The government concedes that there was no regulation authorizing or requiring the use of Form 433-AB in any circumstances, although it insists that Form 433 was quite similar. The regulations, however, prescribe the use of that form in connection with offers of compromise and settlement in cases of inability to pay.
This prosecution, then, has to stand or fall on the language of the statute, with no regulatory implementation.
When we come to the statute, we are reminded that it is a perjury statute and perjury is one of the most serious offenses known to the law. See United States v. Lewis, 5 Cir., 1973, 475 F.2d 571; Kolaski v. United States, 5 Cir., 1966, 362 F.2d 847.
The Supreme Court, as most properly it should have, has repeatedly warned that men of common intelligence cannot be required to guess at the meaning of a penal enactment.3
In Lanzetta v. State of New Jersey, 306 U.S. 451, 59 S.Ct. 618, 83 L.Ed. 888 (1939) the Court, reversing a conviction, said:
"No one may be required at peril of life, liberty or property to speculate as to the meaning of penal statutes. All are entitled to be informed as to what the State commands or forbids. The applicable rule is . . . 'That the terms of a penal statute creating a new offense must be sufficiently explicit to inform those who are subject to it what conduct on their part will render them liable to its penalties * * * and a statute which either forbids or requires the doing of an act in terms so vague that men of common intelligence must necessarily guess at its meaning and differ as to its application violates the first essential of due process of law'."
Criminal statutes must be strictly construed and any ambiguity must be resolved in form of lenity.4
Moreover, since § 7206(1) is a perjury statute, the party taking the statement must have the authority to take that particular statement, and not some other.5
The Appellant's Position
The appellant argues, quite vigorously, that by the enactment of § 7206(1) Congress intended the statute to apply only to returns or statements theretofore required to be filed under oath with the Internal Revenue Service. This view is certainly arguable, but the plain words of the statute and the opaque legislative history leave us unconvinced of its correctness.
We think the most tenable interpretation of the statute is that Congress intended it to apply to any statement or document then, or thereafter, required either by the Internal Revenue Code or by any regulation lawfully promulgated by the Secretary for the enforcement of the Code.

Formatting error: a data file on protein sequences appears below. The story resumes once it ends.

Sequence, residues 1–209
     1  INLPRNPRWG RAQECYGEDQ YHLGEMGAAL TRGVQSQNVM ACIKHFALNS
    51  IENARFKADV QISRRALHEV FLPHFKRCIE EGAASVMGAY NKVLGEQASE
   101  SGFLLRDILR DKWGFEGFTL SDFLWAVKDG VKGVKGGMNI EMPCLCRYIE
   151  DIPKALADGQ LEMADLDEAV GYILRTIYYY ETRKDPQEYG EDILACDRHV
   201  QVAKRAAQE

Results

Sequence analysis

But the exploration is not over. Appellant urges that, at all events, the form was not required by either Code or regulation, hence could not support the charge for which he was convicted.
The Government's Position
The government raises three main points.
First, we quote from its supplemental brief (page 6):
"(W)e submit that the language emphasized above in Section 3809(a) recognized that a written declaration in lieu of an oath also could be required as a matter of discretion (emphasis added) * * * Section 7206, which replaced Section 3809, did not change this result."
This, we think, puts the cart before the horse. Section 3809(a) gave the Secretary the power of waiving the oath and substituting a declaration under the penalties of perjury, but this, perforce, applied to returns, statements, or documents which the taxpayer could lawfully be required to file. That a taxpayer, at the ad hoc discretion of a governmental officer, agent or employee, without any supporting statute or regulation, may be required to give a statement, of whatever kind, and thereafter be declared a felon in connection with such a statement is at war with the Constitutional due process required of all criminal prosecutions. Whatever else it may have intended, we find ourselves unpersuaded that Congress intended that.
The government brief continues (page 7):
"Moreover, the information the revenue officer here sought to obtain from the taxpayer was in essence testimony in connection with collection of a tax liability. Under Section 7206(3), taxpayers are required to give such testimony. The Form 433-AB which embodied taxpayer's testimony here, therefore, was required by the Code to be submitted."
Evidently, the brief writer intended to refer to § 7602. In connection with the collection of any tax liability, 26 U.S.C., § 7602 clearly allows a taxpayer to be summoned and to have his testimony taken under oath. Levy was not summoned. In the commonly accepted meaning of the term he gave no testimony. Testimony implies the usual preliminary qualification of taking an oath to speak the truth. From the standpoint of the strict construction required of criminal statutes, we cannot hold that 26 U.S.C., § 7602 requires a person to answer questions and sign a statement under the penalties of perjury rather than testifying under oath.